The central bank repeated that resource investment was near its peak and would remain high for the next year or so. There was “considerable uncertainty” beyond that, it said.

Manufacturing has failed to signal it can pick up the slack. It contracted for a 15th month in May, after dropping to a four-year low the month before, according to purchasing managers surveys by Australian Industry Group.

“It’s the transition phase in the Australian economy that’s concerning the market,” said Steven Mansell, the Sydney-based head of Group of 10 rates strategy for the Asia-Pacific region at Citigroup. “The market will hold on to expectations of lower policy rates, whereas the only way is up in the US.”

Swaps markets are pricing in 28 basis points, or 0.28 percentage point, of RBA cuts over the coming year, while they see the equivalent of 16 basis points of tightening at the Fed, according to Credit Suisse indexes.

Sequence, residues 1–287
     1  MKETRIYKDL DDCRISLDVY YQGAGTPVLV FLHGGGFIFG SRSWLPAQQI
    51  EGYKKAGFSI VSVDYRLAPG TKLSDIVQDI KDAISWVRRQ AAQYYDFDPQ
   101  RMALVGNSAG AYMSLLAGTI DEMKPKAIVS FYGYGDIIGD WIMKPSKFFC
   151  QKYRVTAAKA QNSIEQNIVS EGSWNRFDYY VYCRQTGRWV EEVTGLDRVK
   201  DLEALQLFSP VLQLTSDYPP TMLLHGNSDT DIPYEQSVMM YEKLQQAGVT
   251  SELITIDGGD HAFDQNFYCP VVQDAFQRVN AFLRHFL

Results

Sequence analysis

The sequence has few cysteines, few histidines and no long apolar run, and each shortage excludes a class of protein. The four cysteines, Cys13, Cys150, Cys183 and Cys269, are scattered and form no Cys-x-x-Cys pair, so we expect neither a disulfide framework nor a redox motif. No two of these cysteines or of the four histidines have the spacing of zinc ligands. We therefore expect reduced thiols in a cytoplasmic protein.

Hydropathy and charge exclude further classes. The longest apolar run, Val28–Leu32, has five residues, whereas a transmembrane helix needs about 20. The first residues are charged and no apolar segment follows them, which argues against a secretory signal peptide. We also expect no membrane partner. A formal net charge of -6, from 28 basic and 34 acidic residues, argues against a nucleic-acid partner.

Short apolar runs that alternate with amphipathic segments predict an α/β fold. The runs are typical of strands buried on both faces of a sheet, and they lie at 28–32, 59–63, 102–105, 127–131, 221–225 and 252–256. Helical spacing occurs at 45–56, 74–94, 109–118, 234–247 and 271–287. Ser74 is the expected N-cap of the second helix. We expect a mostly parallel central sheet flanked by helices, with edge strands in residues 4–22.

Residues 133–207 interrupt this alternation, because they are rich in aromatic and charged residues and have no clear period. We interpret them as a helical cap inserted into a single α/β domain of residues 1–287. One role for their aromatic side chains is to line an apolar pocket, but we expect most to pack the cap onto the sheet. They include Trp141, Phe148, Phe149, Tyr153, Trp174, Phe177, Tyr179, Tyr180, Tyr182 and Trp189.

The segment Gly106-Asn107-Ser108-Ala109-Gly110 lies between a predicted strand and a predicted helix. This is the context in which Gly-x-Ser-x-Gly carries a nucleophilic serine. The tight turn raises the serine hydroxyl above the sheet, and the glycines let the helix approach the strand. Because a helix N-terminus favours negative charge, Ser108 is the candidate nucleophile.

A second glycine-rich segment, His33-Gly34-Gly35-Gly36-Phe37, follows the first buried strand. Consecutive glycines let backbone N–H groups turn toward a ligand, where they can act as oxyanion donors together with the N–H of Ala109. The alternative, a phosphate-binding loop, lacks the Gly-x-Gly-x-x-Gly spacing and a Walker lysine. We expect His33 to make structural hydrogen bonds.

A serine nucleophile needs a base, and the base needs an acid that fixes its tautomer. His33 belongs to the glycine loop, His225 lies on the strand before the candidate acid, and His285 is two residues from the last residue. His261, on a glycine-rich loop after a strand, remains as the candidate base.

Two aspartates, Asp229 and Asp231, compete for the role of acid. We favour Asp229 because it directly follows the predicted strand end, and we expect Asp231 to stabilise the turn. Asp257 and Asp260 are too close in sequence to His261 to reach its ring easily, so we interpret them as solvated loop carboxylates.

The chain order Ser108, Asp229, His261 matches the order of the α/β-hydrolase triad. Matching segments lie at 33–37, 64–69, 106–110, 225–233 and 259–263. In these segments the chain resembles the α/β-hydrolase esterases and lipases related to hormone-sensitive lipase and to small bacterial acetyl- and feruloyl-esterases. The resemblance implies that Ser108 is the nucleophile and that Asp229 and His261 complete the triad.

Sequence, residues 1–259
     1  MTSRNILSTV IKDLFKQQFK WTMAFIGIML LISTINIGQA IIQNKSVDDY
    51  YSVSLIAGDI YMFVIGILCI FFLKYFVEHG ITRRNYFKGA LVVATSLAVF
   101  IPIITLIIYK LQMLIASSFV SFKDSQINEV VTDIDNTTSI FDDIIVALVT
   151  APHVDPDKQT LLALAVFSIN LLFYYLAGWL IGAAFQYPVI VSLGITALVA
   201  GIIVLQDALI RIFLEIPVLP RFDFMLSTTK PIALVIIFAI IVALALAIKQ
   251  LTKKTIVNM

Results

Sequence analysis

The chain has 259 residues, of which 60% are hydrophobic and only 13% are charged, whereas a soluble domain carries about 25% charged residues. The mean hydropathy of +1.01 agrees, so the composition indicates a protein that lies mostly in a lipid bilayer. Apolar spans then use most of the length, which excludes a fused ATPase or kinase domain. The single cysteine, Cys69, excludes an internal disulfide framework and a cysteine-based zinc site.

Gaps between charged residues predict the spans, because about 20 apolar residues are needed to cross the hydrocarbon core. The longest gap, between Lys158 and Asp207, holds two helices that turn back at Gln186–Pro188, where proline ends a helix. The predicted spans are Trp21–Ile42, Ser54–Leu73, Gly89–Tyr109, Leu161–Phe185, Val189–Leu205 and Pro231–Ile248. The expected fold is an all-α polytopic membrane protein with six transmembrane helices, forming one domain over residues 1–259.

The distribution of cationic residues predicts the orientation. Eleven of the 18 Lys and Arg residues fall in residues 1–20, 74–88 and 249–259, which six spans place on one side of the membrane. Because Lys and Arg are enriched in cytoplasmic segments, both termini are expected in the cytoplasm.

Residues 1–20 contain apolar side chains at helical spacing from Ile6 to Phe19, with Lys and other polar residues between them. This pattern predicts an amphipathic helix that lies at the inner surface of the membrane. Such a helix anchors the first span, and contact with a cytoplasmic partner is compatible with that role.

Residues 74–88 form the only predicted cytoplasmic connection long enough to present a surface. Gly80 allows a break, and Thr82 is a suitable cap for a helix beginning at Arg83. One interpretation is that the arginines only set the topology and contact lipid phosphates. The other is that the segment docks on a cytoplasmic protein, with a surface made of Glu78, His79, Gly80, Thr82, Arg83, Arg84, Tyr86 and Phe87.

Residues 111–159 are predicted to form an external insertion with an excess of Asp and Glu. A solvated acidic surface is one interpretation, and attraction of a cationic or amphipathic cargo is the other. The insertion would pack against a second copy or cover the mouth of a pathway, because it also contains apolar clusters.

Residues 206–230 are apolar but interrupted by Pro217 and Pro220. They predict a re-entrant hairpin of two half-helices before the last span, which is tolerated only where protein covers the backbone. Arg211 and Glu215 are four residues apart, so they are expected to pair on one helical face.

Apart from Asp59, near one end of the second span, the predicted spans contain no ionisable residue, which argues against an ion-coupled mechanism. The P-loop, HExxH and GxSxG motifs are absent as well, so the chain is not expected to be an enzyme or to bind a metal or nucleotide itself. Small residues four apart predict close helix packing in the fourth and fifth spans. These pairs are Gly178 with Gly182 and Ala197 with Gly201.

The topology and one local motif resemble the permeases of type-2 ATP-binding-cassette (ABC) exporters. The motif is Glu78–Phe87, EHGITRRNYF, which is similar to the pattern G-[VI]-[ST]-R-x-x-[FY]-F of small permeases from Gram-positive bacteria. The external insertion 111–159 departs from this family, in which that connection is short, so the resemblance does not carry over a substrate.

US economic growth has trailed Australia’s since 2006. It will recover to match the South Pacific nation by 2015, with both nations’ output increasing 3 per cent that year, according to the median forecast of economists polled by Bloomberg. Strategists raised their forecasts for the possibility of an Australian recession in the next 12 months to 10 per cent this month, from 5 per cent in May.

“With all the liquidity awash in the world, and an uncertain world with no growth, what you do is search for yield, and Australia’s triple-A bond market was one of the primary beneficiaries,” said Sam Tuck, a senior foreign-exchange manager at ANZ. “Now that can start to unwind.”


The original release of this article first appeared on the website of Shanghai Night Net.